First, Ehrman never says that. Anywhere. So to imply he did, is slandering both of us. Indeed, Ehrman never questions the quality of any of my scholarship in DJE. He hardly even addresses any of it. The only claim he has ever made that comes anywhere near that was his complaint once that I concluded the earliest Christians believed Jesus was divine, which he lambasted as ignorant. Then he published a whole book arguing I was correct about that. Go figure. Worse, the only work of mine he ever addresses in DJE is Not the Impossible Faith. A popular market book which throughout presumes Jesus existed. Ehrman has never read, nor ever responded, to my case for Jesus not existing.
Second, Winters’ claim is slanderously false. I have a B.A. in history from UC Berkeley with a minor in Classical Civilizations, which required and thus included numerous courses in ancient Greek and Latin, including New Testament Greek. I have an M.A., M.Phil., and Ph.D. from Columbia University in ancient history, for which I took several more years of coursework in those languages and had to pass elaborate translation competency exams in Latin and Greek. Those years of coursework included ancient Greek dialects and linguistics, paleography (the reading of manuscripts and study of textual transmission), and papyrology (under Roger Bagnall, one of the foremost papyrologists in the world). And in OHJ I frequently include and discuss the original language behind my translations. I do not translate Hebrew or Aramaic (and never claimed to), but I always rely on the expert literature when I make any point from those languages; and Ehrman has never said anything I did in that respect is incorrect.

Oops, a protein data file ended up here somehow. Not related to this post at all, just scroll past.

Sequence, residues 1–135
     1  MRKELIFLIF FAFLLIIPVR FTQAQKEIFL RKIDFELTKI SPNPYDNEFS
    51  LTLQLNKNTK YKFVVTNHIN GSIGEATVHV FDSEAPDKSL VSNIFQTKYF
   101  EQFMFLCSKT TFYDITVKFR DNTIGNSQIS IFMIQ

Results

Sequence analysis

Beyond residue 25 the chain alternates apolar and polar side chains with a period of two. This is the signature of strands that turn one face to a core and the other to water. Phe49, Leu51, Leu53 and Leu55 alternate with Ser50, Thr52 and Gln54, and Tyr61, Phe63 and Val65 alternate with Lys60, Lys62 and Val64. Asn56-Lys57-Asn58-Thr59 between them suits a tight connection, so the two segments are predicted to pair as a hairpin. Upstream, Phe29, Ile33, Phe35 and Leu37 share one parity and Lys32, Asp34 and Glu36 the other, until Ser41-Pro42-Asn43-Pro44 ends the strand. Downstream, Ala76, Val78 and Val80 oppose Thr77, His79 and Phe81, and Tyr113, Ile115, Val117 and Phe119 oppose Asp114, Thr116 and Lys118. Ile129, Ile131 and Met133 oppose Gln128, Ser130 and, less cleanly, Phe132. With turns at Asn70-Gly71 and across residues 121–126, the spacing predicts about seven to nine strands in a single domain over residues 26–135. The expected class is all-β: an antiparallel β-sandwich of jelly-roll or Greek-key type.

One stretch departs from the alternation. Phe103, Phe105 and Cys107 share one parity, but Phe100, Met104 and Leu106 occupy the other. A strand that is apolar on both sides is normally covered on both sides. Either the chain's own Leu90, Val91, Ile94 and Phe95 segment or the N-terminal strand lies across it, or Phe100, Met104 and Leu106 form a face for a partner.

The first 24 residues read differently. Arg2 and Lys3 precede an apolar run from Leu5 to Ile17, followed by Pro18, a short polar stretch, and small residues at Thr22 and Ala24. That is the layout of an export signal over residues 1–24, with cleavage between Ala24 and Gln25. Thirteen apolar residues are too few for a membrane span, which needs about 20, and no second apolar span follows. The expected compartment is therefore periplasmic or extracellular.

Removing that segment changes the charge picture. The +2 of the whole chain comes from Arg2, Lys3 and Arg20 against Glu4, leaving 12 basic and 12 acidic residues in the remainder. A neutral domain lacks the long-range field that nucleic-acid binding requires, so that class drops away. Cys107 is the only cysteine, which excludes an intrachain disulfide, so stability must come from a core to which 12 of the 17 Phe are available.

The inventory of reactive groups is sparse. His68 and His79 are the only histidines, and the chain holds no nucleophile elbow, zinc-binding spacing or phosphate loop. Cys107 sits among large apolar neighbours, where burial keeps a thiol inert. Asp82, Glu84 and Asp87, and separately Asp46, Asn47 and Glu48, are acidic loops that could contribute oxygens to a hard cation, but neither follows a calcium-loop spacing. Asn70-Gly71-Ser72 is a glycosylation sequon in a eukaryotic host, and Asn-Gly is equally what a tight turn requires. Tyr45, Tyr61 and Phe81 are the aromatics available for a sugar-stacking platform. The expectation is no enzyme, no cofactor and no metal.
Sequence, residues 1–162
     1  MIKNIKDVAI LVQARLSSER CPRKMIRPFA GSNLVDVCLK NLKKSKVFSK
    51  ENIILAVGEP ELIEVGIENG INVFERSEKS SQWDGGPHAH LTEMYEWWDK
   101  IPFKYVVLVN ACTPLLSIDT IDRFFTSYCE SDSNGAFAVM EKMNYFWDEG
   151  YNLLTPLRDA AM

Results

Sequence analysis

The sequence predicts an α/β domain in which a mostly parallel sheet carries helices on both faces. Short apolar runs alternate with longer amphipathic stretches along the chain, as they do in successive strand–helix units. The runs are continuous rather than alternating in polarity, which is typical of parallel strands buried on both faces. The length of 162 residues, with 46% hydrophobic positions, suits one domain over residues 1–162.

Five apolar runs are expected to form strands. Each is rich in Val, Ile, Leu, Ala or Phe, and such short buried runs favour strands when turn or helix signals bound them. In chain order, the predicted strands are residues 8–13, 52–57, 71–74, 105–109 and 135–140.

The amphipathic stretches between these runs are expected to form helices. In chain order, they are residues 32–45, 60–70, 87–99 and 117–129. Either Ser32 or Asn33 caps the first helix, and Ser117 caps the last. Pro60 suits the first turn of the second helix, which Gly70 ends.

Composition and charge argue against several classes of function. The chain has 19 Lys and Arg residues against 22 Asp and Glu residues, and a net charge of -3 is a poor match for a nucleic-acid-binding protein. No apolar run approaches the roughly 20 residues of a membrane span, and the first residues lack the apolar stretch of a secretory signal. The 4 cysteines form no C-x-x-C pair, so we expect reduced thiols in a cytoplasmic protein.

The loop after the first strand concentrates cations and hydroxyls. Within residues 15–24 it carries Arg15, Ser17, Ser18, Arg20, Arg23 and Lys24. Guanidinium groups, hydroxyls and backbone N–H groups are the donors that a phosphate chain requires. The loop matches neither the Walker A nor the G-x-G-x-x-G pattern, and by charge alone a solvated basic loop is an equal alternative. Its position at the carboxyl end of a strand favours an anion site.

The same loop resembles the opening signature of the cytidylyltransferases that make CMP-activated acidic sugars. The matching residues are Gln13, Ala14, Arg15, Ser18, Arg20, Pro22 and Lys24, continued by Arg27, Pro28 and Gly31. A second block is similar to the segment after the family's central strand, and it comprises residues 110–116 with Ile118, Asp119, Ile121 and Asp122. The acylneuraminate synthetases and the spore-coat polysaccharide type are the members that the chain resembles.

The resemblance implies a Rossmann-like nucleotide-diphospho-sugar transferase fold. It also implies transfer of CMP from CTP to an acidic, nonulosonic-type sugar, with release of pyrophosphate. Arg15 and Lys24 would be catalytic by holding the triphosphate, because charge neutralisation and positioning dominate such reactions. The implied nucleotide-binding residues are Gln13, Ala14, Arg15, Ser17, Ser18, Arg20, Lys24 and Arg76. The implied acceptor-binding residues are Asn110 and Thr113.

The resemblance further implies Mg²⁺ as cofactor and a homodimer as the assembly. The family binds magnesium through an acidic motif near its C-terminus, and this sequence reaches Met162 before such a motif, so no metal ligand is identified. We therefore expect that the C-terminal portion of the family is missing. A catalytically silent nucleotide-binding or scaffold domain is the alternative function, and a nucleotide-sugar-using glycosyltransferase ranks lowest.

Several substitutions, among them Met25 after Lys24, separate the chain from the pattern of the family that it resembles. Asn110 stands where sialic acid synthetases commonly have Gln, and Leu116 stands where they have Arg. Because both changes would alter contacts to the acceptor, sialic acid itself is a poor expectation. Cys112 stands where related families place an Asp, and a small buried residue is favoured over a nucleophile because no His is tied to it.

This kind of slander is illustrative of Winters’ irresponsible, illogical, and fact-challenged approach to this subject. She asserts beliefs with total confidence, based on premises that are demonstrably false, and which she should know were false. That makes her wholly unreliable as a source on this subject.
Jesus Existed Because [Insert Falsehood]
Other than that pile of slanders, there are only a few new things in Winters’ videos of 2016 and 2017. They do also just rehash the same mistakes of her videos in 2015. Which I already analyzed. So do read that, too, if you want a full rebuttal, since I won’t be re-examining those same arguments here. Here, I only address the few new things she adds, which are actually old things, but she doesn’t know that. Because she has never read any peer reviewed literature on this debate.
One new thing is how she expands on her earlier points about methodology. And on this she’s quite right. She just screws the pooch when it comes to applying her own methods. But more importantly, she is simply repeating the very same points I myself made about the appropriate methodology, and that under peer review (in both PH and OHJ). A methodology, BTW, that her favorite author Bart Ehrman doesn’t ever coherently deploy.